The treasurer of the Stewart Company, Mr. Johns, has been asked to submit his assessment of the feasibility of manufacturing electronic components to the board of directors at their next meeting. Mr. Johns’ investigation has provided him with the following information:
• This planned expansion of the company’s present activities would require an investment of $800,000 in equipment having an estimated service life of six years. He has estimated that the equipment could be sold for $40,000 at the beginning of the seventh year.
• For accounting purposes, the new manufacturing equipment would be depreciated over the next six years, using the straight-line method, resulting in depreciation of $126,667 per year. Both the new equipment and much of the company’s other equipment are grouped in a class of assets which carries a C.C.A. rate of 20 percent on the declining balance.
• The Stewart Company has a factory in Mississauga, on the outskirts of Toronto, which is presently leased to CIC Ltd. For $10,000 per year. This lease income is taxable. If the lease is broken, the Stewart Company would be foregoing lease income of $10,000 per year at the end of each of the next six years. The company would also be required to pay a penalty of $15,000 (tax deductible). These premises would accommodate the new equipment; otherwise Stewart does not intend to break the lease.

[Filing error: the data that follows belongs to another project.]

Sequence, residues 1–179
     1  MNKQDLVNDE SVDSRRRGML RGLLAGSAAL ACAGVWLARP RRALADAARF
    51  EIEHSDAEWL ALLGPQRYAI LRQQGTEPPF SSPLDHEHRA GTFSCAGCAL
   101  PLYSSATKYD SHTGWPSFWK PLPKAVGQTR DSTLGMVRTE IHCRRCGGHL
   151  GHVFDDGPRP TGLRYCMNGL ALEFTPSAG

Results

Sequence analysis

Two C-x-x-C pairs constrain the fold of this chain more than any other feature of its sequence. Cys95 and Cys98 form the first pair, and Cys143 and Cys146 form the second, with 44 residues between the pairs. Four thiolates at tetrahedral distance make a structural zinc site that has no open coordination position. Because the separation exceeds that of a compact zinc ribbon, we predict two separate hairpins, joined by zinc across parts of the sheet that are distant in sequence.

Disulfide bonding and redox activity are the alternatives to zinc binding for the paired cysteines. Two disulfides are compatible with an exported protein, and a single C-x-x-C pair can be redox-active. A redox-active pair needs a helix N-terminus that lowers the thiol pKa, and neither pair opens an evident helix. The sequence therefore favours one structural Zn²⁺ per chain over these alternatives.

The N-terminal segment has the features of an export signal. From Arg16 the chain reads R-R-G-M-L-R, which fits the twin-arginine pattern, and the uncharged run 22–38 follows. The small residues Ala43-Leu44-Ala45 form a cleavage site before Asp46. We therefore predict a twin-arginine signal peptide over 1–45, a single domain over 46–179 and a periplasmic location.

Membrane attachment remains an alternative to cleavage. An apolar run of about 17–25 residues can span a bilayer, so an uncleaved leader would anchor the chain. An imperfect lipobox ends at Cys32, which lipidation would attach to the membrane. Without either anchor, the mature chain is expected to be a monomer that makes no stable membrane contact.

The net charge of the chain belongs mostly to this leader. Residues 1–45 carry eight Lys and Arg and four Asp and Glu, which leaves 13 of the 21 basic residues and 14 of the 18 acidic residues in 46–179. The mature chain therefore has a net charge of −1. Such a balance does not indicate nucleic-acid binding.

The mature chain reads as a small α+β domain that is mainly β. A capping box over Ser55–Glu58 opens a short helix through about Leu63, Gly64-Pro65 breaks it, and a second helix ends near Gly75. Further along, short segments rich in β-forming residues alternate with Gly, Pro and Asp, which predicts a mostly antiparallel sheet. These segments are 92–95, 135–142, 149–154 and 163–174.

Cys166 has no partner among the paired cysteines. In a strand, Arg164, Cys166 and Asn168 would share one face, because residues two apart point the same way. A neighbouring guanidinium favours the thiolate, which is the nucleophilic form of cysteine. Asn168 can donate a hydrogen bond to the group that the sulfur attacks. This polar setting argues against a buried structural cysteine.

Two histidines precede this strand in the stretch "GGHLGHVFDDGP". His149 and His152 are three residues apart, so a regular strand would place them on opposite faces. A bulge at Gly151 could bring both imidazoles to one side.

• Market studies would have to be undertaken which would cost the Stewart Company an estimated $200,000 during the first year of the project (assume that the full amount is paid at the end of year one). In addition, Mr. Johns has estimated that $200,000 would have to be invested in the firm’s working capital at the start of the project, and a further $200,000 in two years time. These sums, however, would be recoverable at the end of the project.
Mr. Casey, the Marketing Manager, has drawn up budgeted financial statements and has estimated an increased annual operating revenue of $500,000 and an increase in operating costs of $100,000. On the basis of this estimate he has calculated that the project has a quick payback period and therefore urges that Stewart should immediately invest in the project.
Stewart faces a 40% corporate tax rate and the firm’s required rate of return for projects is 14 percent.
Question: Assist Mr. Johns in evaluating the electronic components project, by calculating the N.P.V., and recommend whether the project should be accepted or rejected.